FRED G. HUDGEONS
Patriot, Chapter 1919
was born in
in 1944. In 1957 his family moved to
and Fred went through Junior High School there. They moved again, to
and he was in High School there when
celebrated the 350th anniversary of its establishment as a “villa” by
Spanish officials in 1610 (making
the “oldest capital city” in
Part of that celebration
included a company of paratroopers from the 101st Airborne Division jumping
in at the local airport.
Fred was there and he was
impressed. Later he got his parents to sign a consent form so he could
enlist in the Army.
He signed up, unit of choice,
101st Airborne Division.
seventeen when he took the oath in Albuquerque
and entered active duty on November 30, 1961, he would finish his high
school education later by GED.
He completed Basic and
Infantry Advanced Individual Training (AIT) at Fort Ord,
California in April 1962 and was sent
to Fort Benning,
for Airborne training. After earning his “jump wings,” Fred arrived at
home of the 101st Airborne in June 1962 and was further assigned to Company
B, 2nd Battalion, 503rd Infantry in 2nd Brigade.
Only eight weeks into his airborne career, he
sustained injuries to his left leg during a tactical training jump that took
him off parachute status permanently.
He was soon put on orders for
had joined the Army to be in the paratroopers
and he went through the training and did everything necessary to qualify.
That goal was cut short only two months into his first and what would be his
only airborne assignment. But, Fred soldiered on in an Army career for the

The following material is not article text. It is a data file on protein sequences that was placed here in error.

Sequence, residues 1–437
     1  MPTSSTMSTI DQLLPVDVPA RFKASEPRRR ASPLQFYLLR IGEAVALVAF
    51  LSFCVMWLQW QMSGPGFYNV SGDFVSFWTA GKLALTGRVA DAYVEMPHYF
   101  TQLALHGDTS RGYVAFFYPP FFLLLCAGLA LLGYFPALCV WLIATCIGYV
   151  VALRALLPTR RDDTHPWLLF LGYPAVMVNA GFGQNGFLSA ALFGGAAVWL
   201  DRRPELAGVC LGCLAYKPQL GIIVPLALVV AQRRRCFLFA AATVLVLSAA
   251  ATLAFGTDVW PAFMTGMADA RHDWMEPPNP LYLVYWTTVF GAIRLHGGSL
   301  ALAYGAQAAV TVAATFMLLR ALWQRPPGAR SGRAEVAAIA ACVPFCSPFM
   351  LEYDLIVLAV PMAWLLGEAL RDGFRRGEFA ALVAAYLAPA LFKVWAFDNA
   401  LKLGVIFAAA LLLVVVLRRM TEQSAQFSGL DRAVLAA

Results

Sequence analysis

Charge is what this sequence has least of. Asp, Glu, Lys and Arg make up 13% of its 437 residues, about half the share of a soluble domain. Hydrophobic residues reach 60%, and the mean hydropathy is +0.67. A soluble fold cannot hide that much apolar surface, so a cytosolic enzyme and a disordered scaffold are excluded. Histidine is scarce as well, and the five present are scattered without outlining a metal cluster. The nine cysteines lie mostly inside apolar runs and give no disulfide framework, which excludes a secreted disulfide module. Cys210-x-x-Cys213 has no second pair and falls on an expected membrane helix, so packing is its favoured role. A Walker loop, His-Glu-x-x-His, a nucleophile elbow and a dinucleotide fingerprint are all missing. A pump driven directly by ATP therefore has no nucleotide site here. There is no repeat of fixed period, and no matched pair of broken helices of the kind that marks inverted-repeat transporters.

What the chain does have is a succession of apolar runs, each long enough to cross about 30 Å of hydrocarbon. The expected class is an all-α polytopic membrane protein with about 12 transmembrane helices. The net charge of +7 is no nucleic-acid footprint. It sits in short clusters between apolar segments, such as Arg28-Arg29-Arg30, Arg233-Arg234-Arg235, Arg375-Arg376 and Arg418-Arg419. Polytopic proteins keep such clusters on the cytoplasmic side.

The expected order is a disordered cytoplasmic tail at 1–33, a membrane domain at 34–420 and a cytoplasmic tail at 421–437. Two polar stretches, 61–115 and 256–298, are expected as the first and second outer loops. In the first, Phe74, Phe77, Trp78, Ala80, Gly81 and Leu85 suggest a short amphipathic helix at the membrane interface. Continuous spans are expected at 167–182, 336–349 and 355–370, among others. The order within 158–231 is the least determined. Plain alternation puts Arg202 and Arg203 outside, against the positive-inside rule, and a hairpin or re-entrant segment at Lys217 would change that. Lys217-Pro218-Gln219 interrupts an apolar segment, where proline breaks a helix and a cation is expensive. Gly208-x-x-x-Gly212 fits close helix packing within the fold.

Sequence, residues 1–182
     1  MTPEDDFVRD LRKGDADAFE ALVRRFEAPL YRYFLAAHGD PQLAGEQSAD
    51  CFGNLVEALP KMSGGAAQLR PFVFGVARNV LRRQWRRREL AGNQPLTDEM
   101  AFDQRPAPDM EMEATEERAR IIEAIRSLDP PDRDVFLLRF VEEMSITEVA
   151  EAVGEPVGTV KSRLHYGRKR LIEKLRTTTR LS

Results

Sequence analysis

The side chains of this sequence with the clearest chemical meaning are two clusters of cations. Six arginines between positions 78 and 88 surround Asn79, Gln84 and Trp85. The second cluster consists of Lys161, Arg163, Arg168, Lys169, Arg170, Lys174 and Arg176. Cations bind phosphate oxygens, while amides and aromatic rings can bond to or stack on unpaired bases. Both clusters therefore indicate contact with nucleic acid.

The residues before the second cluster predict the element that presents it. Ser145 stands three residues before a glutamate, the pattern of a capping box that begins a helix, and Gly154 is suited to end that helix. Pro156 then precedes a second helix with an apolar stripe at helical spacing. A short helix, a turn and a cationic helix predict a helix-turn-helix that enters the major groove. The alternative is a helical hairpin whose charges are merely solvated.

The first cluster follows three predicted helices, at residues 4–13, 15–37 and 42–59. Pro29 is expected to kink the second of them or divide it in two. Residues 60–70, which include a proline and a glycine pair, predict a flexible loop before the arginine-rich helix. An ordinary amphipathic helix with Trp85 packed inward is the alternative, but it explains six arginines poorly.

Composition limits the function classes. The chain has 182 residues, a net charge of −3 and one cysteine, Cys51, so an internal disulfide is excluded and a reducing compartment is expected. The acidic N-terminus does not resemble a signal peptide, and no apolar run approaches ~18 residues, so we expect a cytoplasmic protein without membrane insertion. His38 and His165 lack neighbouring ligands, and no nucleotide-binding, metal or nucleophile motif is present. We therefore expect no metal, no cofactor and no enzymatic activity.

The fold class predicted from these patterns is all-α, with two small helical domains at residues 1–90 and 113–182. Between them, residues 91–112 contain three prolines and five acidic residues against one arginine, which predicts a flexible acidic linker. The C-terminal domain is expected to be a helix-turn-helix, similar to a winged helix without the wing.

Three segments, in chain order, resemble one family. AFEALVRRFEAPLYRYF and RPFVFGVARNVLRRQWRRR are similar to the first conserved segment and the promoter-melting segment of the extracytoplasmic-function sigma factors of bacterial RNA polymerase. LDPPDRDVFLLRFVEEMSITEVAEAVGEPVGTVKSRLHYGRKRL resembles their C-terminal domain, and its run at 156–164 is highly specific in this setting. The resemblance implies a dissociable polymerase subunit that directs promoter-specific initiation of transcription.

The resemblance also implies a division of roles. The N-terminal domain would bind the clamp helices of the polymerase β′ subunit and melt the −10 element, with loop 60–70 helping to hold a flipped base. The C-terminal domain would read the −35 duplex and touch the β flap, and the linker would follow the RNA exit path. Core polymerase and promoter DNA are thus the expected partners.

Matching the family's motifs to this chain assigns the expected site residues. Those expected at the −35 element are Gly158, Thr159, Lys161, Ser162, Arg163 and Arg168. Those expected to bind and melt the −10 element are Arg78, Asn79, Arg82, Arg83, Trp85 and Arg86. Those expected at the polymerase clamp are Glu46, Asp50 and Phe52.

next 24 years in peacetime and combat assignments that took him all over the
Here is a brief look at that
those unit assignments and places.
He served a 13 month tour in
Korea in 2nd Battle Group,
32nd Infantry, 7th Infantry Division, then returned to the
United States in 1963,
assigned to the 2nd Armored Division at
Fort Hood, Texas.
He arrived just in time to go with the 2nd
Battalion, 41st Infantry when the entire division deployed to
Germany on Operation “Big
Lift,” an early version of what later became the “Reforger” annual training
exercises in Europe.
Soon after their return to Fort
Hood, In December 1963, Fred
He was with the Trainfire Committee there, during
the early years of difficulties with the Trainfire system, until receiving
an assignment to
Hawaii in 1965.
Shortly after arrival in his new home at Schofield
Barracks with Company C, 2nd Battalion, 27th Infantry, 25th Infantry
Division, he was sent on a 90 day TDY training mission to Vietnam.
He arrived back from temporary duty only to go back
again, that time for good, as the entire division deployed to CU CHI in
He was wounded by a sniper February 2, 1966, only a few days
after arrival. He was shot through both feet, the bullet going through his
left ankle and across the bones in his right ankle.
With massive damage to his left ankle, Fred was
medevac’d to Fitzsimmons
He says, “I couldn’t do anything but crawl at
first. I had to learn how to walk all over again, and I was in Fitzsimmons
for a full year. Then I had to fight to avoid being medically retired. The